Chow Town

Think cocktails, not just jams, when picking strawberries

Strawberries are never better than when fresh-picked, so I was thrilled when last week’s sunshine finally ripened those at

Wohletz Farm Fresh

near Lawrence.

Our carload of eager little hands helped pick more than 20 pounds, but already it seems like not enough.

Some went to jam, of course, and onto shortcakes. More were used in making strawberry-balsamic “popstickles” from

The Cleaner Plate Club


The Whole Life Nutrition Kitchen’s

strawberry-coconut ice cream.

And then there are the grown-up treats, like infused spirits.

Infusions have been around for ages, and they’re still one of the best ways to bottle seasonal flavors. You can simply pour vodka over strawberries and leave it to age, but

Luscious Liqueurs

adds a few steps to create what the book calls Strawberry Gold.

Rinse about 3 1/2 cups of strawberries and spread them on paper towels to air dry. Hull the berries and trim any blemished spots. Coarsely chop the berries and put them in a large glass container with a tight-fitting lid (Mason jars work well). Add 3 cups of vodka, stir and seal. Place the jar in a dry, cool and dark spot and let sit. Don’t forget about the jar, though — give it a good swirl every three days.

After two weeks, add the simple syrup and vanilla, stir and reseal. Return it to its spot for another two weeks, whirling the contents every other day.

Finally, filter the liquid through a fine mesh strainer; then strain it again through a double layer of cheesecloth; and strain it a third time through a fresh double layer of cheesecloth into a large bottle.

To serve, shake 2 ounces of Strawberry Gold with 2 ounces of vodka and 1 ounce simple syrup.

Market-Fresh Mixology

offers a similar take, only with gin and rosemary.

The book — one of my favorites — combines 10 pints of sliced strawberries with seven rosemary sprigs and two 750ml bottles of gin (you can always halve the recipe if it seems like too much). Allow the mixture to rest for a week, and then strain liquor back into empty gin bottles. To serve, shake 2 ounces of the strawberry-rosemary infusion with 3 ounces of freshly squeezed pink grapefruit juice and serve in a short, ice-filled glass rimmed with salt.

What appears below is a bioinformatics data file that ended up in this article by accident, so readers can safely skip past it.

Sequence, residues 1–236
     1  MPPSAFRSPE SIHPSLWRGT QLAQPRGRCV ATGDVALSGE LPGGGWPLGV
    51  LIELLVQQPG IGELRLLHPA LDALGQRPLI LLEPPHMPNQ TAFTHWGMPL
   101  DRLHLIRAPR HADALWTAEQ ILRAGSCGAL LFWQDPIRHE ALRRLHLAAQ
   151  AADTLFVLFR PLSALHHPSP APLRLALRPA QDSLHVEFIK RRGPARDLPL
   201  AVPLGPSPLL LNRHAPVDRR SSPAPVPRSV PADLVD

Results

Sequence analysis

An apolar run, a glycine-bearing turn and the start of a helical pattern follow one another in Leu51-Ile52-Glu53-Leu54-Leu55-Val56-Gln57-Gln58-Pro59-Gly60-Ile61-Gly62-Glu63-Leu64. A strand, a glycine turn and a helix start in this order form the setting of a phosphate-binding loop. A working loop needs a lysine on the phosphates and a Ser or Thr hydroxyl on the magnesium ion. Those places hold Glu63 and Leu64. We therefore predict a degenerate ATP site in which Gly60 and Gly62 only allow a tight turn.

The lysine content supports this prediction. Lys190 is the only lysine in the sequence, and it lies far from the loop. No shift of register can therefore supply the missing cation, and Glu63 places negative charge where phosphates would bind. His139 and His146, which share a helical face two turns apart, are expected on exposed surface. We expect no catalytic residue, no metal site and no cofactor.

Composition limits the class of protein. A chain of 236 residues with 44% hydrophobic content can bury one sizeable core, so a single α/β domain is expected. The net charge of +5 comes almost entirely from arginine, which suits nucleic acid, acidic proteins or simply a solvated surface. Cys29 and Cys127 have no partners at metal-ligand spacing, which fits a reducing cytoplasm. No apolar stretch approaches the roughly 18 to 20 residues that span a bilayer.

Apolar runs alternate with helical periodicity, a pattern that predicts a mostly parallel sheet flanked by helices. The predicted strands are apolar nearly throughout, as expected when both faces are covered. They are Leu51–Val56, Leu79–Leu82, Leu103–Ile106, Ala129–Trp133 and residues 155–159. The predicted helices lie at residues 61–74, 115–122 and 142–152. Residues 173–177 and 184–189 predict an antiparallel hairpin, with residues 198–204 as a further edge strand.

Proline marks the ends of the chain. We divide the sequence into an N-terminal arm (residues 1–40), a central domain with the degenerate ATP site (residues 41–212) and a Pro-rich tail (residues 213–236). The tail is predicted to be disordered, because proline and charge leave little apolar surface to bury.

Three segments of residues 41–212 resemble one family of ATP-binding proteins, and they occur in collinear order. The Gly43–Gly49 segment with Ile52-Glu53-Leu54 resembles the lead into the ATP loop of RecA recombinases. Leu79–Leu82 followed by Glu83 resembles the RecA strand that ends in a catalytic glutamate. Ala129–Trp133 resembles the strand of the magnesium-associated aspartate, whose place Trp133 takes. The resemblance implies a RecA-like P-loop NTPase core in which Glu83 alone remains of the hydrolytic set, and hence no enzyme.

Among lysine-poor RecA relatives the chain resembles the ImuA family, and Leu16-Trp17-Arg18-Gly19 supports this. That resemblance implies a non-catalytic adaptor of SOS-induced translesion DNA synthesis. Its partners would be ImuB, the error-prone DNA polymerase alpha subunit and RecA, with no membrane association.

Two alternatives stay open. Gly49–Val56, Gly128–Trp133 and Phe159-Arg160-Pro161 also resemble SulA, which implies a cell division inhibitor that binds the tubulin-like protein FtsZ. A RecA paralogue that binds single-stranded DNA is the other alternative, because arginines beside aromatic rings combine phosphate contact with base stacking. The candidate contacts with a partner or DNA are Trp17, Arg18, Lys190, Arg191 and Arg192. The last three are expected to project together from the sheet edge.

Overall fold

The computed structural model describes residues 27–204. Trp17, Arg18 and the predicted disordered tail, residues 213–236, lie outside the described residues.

Still, it’s hard to wait weeks to try new, tasty things. If you can’t wait (or to fill the time while you do), try this strawberry cordial recipe from


. You won’t even notice when the season ends.

Strawberry Cordial

Speakeasy’s easy strawberry cordial would be as delicious over ice cream or mixed with club soda as it would in a cocktail like the Fraise Sauvage (recipe below).

Makes about 1 quart 4 pounds fresh or frozen strawberries, hulled 1 cup granulated sugar 1 cup water grated zest of 1 lemon 1 vanilla bean, scored and scraped

Place all ingredients in a saucepan over medium heat. Bring to a boil, stirring, then decrease the heat to low and simmer for about 25 minutes. Remove from the heat and let cool. Strain out the lemon zest and vanilla bean and pour into a store-and-pour container. The cordial will keep for 7 days, refrigerated. Keep refrigerated until use.

Fraise Sauvage

This spin on the French 75 is from Speakeasy.

1 1/4 ounces Plymouth gin 1/2 ounce freshly squeezed lemon juice 1/4 ounce simple syrup 1/2 ounce strawberry cordial (or one whole, hulled fresh strawberry, muddled) 2 ounces demi-sec Champagne or sparkling wine 1/2 fresh strawberry, for garnish

Pour the gin, lemon juice, simple syrup and strawberry cordial into a mixing glass. Add large ice cubes, cover and shake vigorously for 7 or 8 seconds. Pour the Champagne into a chilled cocktail glass, and pour the cocktail over it. Garnish with a half strawberry.

Anne Brockhoff is an award-winning spirits writer who writes a monthly column for The Star’s Food section, as well as food features. She blogs at food_drink_